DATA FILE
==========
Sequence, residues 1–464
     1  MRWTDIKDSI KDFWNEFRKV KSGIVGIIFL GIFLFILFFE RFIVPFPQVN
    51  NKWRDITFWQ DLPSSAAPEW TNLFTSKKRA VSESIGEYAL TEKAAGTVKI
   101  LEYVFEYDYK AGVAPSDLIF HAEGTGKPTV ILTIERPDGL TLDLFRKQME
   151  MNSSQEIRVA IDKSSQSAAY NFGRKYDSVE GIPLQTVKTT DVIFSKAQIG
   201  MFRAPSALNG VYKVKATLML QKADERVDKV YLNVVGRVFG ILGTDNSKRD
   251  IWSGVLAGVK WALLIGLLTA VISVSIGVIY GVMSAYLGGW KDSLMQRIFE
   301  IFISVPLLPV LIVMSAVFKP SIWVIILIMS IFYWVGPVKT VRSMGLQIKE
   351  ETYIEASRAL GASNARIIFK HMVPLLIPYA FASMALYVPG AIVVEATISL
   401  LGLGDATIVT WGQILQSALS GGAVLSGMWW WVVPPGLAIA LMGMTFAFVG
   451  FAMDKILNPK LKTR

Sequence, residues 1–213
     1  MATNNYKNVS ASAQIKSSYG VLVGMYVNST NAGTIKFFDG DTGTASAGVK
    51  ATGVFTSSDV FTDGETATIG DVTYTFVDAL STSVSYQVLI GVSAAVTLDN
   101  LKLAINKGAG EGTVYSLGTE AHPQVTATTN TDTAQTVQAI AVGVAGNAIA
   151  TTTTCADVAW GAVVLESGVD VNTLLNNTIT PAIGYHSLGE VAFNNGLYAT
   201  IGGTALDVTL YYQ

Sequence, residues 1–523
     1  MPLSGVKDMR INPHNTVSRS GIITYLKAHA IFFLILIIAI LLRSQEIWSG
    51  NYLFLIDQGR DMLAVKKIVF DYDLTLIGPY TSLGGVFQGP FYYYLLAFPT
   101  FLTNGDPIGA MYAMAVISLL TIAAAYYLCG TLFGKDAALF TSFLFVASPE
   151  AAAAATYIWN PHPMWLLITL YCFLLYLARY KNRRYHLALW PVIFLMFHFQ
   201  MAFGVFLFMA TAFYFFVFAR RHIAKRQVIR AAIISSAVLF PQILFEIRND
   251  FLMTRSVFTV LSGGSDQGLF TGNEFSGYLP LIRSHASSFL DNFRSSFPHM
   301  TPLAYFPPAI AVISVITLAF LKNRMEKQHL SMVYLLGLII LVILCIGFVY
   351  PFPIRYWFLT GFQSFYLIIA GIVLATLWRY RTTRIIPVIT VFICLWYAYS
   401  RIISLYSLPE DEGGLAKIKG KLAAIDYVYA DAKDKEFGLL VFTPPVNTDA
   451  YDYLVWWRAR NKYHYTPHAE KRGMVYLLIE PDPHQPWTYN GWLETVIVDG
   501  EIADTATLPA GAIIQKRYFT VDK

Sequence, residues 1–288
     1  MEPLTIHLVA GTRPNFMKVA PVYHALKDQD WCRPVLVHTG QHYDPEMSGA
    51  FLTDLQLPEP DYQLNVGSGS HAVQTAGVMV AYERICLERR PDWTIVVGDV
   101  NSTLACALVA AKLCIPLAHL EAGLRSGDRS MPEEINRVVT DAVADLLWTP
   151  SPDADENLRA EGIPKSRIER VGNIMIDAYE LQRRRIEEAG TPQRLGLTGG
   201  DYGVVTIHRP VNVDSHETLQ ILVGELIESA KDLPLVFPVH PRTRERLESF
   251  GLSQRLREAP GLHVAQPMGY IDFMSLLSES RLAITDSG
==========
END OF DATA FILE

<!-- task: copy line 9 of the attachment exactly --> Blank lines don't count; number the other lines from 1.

   351  ETYIEASRAL GASNARIIFK HMVPLLIPYA FASMALYVPG AIVVEATISL